Persian for “prince’s court,” the durbar in British India was a grand court ceremonial used to commemorate special occasions involving the monarchy. Three durbars were held in India by the British. They took the form of receptions, balls, parties, and a grand military parade. The first of the Durbars was held to commemorate the bestowing of the title “Queen Empress of India” on Queen Victoria by Parliament at the behest of British Prime Minister Benjamin Disraeli. It took place on January 1, 1877, in Delhi and was designed to rally the princes of India to British rule. The second durbar was also held in Delhi when Victoria’s son, Edward VII, was proclaimed “King-Emperor” on January 1, 1903. The third and last of the durbars took place to commemorate the accession of King George V to the throne of the United Kingdom upon the death of his father in 1910. It was marked in India by the durbar held at Delhi in the presence of King George and his wife on December 12, 1911.
   To ensure maximum publicity of the occasion, the rulers of states were excused the payment of succession duties; military and lower-ranked civil servants received bonuses; grants were provided for schools; and, for the first time, officers, men, and reservists of the Indian Army became eligible for the Victoria Cross. Most important, the king himself announced the well-kept secret that the capital of India would be transferred from Calcutta to Delhi and the partition of Bengal of 1905 would be reversed, a new province of Bihar and Orissa would be created, and Assam would once again be under a chief commissioner. The durbar became controversial because these costly administrative moves were announced without consulting Parliament, but the changes were the most important, as they had farreaching consequences.
   See also <>.
    James, Lawrence. Raj: The Making and Unmaking of British India. New York: St. Martin’s Griffin, 1997; - - Wolpert, Stanley. A New History of India New York: Oxford University. Press, 2005.

Encyclopedia of the Age of Imperialism, 1800–1914. 2014.

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  • Durbar — Dur bar, n. [Hind. darb[=a]r, fr. Per dar?[=a]r house, court, hall of audience; dar door, gate + b[=a]r court, assembly.] An audience hall; the court of a native prince; a state levee; a formal reception of native princes, given by the governor… …   The Collaborative International Dictionary of English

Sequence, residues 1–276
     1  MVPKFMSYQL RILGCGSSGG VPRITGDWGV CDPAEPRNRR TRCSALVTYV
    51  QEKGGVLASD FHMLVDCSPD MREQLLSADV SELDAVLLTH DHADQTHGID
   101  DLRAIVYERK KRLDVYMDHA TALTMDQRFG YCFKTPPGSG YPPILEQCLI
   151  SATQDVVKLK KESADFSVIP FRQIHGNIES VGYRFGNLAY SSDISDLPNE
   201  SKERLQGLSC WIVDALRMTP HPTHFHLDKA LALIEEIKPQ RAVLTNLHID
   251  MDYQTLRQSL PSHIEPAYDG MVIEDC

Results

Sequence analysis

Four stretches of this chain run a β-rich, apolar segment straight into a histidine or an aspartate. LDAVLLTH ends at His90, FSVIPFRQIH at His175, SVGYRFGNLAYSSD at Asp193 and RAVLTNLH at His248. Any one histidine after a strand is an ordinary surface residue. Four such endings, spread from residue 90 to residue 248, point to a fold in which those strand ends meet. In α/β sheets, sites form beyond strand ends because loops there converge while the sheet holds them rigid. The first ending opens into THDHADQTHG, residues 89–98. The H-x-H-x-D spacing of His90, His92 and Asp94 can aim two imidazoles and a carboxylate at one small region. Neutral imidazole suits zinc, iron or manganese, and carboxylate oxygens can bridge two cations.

• durbar — [dʉr′bär΄] n. [Hindi < darbār < Pers, a ruler s court < dar, portal (for IE base see DOOR) + bār, court] Historical in India or Africa, an official reception or audience held by a native prince, or by a British ruler or governor …   English World dictionary

  • Durbar — Darbâr Le darbâr parfois rendu par sa translittération anglaise, durbar est une audience publique donnée par un souverain de l Inde, un empereur moghol, un râja ou tardivement par le vice roi des Indes. Les Grands Moghols donnaient un darbâr… …   Wikipédia en Français

  • Durbar — Dụr|bar [auch: ], der od. das; s, s [engl. durbar < Hindi darbār < pers. darbār]: offizieller Empfang bei indischen Fürsten u. bei dem ehemaligen Vizekönig von Indien …   Universal-Lexikon

  • Durbar — Dur|bar der od. das; s, s <über Vermittlung von engl. durbar aus gleichbed. Hindi darbār, dies aus pers. darbār> offizieller Empfang bei indischen Fürsten u. bei dem ehemaligen Vizekönig von Indien …   Das große Fremdwörterbuch

  • durbar — noun Etymology: Hindi & Urda darbār, from Persian, from dar door + bār admission, audience Date: 1609 1. court held by an Indian prince 2. a formal reception held by an Indian prince or an African ruler …   New Collegiate Dictionary

  • durbar — /derr bahr/, n. (in India) 1. the court of a native ruler. 2. a public audience or levee held by a native prince or by a British governor or viceroy; an official reception. 3. the hall or place of audience. 4. the audience itself. [1600 10; alter …   Universalium

  • DURBAR —    a ceremonious State reception in India …   The Nuttall Encyclopaedia

  • durbar — n. hall or room in the palace of a native prince of India wherein audiences and receptions take place; a state reception or public audience given by a native prince of India or British governor (formerly) …   English contemporary dictionary

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